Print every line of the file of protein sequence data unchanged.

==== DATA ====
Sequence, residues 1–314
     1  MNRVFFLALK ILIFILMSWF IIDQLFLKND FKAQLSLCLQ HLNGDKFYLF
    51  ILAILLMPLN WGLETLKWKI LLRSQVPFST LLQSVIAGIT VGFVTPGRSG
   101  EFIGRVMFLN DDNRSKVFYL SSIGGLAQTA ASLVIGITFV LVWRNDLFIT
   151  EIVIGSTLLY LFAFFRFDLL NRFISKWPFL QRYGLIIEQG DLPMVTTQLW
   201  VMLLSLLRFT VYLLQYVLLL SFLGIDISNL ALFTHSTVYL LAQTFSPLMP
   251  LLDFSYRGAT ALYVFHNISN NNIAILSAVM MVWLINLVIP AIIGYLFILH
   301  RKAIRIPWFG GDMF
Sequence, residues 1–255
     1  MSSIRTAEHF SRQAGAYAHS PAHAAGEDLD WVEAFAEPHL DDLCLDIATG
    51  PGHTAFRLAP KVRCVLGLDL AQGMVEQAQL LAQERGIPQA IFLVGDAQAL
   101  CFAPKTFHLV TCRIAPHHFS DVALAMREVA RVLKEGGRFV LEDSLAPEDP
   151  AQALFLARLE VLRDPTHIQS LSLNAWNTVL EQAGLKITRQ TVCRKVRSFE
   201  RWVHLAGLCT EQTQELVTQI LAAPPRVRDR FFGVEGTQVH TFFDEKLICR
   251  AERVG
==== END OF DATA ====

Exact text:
Sequence, residues 1–314
     1  MNRVFFLALK ILIFILMSWF IIDQLFLKND FKAQLSLCLQ HLNGDKFYLF
    51  ILAILLMPLN WGLETLKWKI LLRSQVPFST LLQSVIAGIT VGFVTPGRSG
   101  EFIGRVMFLN DDNRSKVFYL SSIGGLAQTA ASLVIGITFV LVWRNDLFIT
   151  EIVIGSTLLY LFAFFRFDLL NRFISKWPFL QRYGLIIEQG DLPMVTTQLW
   201  VMLLSLLRFT VYLLQYVLLL SFLGIDISNL ALFTHSTVYL LAQTFSPLMP
   251  LLDFSYRGAT ALYVFHNISN NNIAILSAVM MVWLINLVIP AIIGYLFILH
   301  RKAIRIPWFG GDMF
Sequence, residues 1–255
     1  MSSIRTAEHF SRQAGAYAHS PAHAAGEDLD WVEAFAEPHL DDLCLDIATG
    51  PGHTAFRLAP KVRCVLGLDL AQGMVEQAQL LAQERGIPQA IFLVGDAQAL
   101  CFAPKTFHLV TCRIAPHHFS DVALAMREVA RVLKEGGRFV LEDSLAPEDP
   151  AQALFLARLE VLRDPTHIQS LSLNAWNTVL EQAGLKITRQ TVCRKVRSFE
   201  RWVHLAGLCT EQTQELVTQI LAAPPRVRDR FFGVEGTQVH TFFDEKLICR
   251  AERVG